Ride On! Bike Lanes on 26th and 29th Streets in Manhattan Are (Mostly) Open For Business

After two deaths, the city made life-saving changes on two key crosstown streets.

Riders have started using the twin protected bike lanes on 26th Street and 29th Street in Manhattan. Here is some westbound traffic. All photos: Gersh Kuntzman
Riders have started using the twin protected bike lanes on 26th Street and 29th Street in Manhattan. Here is some westbound traffic. All photos: Gersh Kuntzman

We hyped the initial construction back in June, but cyclists are finally able to (mostly) use two key crosstown protected bike lanes on 26th and 29th streets in Manhattan — and I decided to get hot and sweaty with both of them:

The westbound lane, on 29th Street, begins in earnest at Second Avenue.

second avenue

And I had a nice run until entering Midtown, when I encountered the full miseries of urban life.

The first mixing zone is at Fifth Avenue — and like all mixing zones, it’s dangerous as left-turning drivers move into the intersection to intimidate pedestrians into creating a hole for them:

mixing zone 1

Closer to Broadway, these two roadhogs felt no compunction blocking the clean new lane:

blockers

For now, the 29th Street lane doesn’t extend past Broadway, near the location where cyclist Michael Mamoukakis was fatally struck by a bus driver in 2017. As a result, cyclists are forced into the roadway (though paint is coming soon, based on the partial milling seen below).

future work to be done west of bway 1

For the record, the police officer above did not give the white Jeep a double-parking ticket.

Conditions are far better on the eastbound 26th Street path, which features green lanes from 10th Avenue to Seventh Avenue — the stretch where cyclist Dan Hanegby was killed by a bus driver in 2017.

user 26th green lane

Of course, once at Seventh Avenue, all hell breaks loose again, with a blind Hilton Hotel entrance…

hotel entry on 26th

…a huge pothole…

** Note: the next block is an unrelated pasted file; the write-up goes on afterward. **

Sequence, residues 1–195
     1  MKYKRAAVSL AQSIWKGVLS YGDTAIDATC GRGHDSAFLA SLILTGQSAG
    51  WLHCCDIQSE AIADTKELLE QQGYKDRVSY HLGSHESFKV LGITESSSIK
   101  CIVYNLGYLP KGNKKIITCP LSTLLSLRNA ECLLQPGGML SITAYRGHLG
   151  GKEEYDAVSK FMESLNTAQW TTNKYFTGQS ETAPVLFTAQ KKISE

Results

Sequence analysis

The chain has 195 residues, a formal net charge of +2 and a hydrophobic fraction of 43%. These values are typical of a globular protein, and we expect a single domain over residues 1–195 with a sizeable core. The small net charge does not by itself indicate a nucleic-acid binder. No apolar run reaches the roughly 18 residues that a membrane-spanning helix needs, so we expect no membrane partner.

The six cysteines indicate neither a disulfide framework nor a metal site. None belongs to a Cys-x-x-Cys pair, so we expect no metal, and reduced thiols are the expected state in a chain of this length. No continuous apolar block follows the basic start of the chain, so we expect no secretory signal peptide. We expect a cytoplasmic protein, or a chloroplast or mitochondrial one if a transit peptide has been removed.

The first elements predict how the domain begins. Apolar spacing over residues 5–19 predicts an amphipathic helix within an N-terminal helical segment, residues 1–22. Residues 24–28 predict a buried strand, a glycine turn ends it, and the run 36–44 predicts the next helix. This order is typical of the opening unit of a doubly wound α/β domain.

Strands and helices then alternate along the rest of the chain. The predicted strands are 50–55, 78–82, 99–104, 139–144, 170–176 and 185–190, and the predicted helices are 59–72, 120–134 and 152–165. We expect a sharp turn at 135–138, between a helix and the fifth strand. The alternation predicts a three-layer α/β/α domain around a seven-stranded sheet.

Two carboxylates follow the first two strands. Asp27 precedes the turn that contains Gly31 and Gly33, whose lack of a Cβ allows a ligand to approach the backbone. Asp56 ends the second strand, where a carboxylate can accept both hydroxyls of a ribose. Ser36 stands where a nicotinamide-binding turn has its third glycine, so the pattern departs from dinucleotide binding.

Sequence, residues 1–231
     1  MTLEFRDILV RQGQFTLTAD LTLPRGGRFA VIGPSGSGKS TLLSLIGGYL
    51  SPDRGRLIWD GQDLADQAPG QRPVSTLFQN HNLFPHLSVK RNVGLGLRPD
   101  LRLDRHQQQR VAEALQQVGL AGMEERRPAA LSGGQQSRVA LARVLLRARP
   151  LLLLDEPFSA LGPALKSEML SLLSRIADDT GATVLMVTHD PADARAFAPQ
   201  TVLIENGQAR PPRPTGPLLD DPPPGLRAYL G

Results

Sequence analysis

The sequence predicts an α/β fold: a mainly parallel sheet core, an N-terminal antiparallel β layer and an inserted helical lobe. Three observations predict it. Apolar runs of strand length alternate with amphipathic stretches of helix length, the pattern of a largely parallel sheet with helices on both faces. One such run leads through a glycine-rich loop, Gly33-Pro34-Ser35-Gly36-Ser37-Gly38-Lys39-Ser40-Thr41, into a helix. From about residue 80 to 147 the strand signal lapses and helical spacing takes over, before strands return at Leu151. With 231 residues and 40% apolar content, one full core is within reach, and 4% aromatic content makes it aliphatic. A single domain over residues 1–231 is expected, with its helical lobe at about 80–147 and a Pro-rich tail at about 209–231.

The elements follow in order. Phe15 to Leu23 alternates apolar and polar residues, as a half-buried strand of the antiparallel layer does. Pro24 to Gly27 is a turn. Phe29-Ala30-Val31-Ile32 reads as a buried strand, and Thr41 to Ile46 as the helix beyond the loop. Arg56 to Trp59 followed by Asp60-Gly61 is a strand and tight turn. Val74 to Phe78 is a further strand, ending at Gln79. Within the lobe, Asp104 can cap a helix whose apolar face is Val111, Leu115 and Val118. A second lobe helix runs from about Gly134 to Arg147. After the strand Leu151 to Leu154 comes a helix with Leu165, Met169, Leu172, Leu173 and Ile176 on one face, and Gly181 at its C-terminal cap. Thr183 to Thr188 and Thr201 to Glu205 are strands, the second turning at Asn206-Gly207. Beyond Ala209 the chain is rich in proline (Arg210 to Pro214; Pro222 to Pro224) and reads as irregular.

huge pothole on 26th

…puddles…

puddles on 26th

…and this tire-snaring wide-wale grate just east of Lexington Avenue:

wide grate at lex on 26th

The bottom line: The new lanes will be far safer for cyclists, who are now mostly protected from buses and cars (with caveats for those mixing zones and several blind entrances for off-street parking). The Department of Transportation said the lanes would be fully completed by August (weather permitting).

For drivers, the success of this roadway, like any roadway in New York City, will depend on enforcement of double-parking by the NYPD so that auto traffic flow is not cut off by the selfish.

it will depend on enforcement

In other words: it will fail often, and drivers will likely blame the cyclists like they always do instead of blaming the real culprit — the other driver.

On the plus side, I filed a complaint against this guy with TLC via the Reported app. So there’s that, at least.

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Evidence That Split-Phase Signals Are Safer Than Mixing Zones for Bike Lanes

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When DOT presented plans for a protected bike lane on Sixth Avenue, one point of contention was the design of intersections. How many intersections will get split-phase signals, where cyclists and pedestrians crossing the street get a separate signal phase than turning drivers? And how many will get “mixing zones,” where pedestrians and cyclists negotiate the same space as turning […]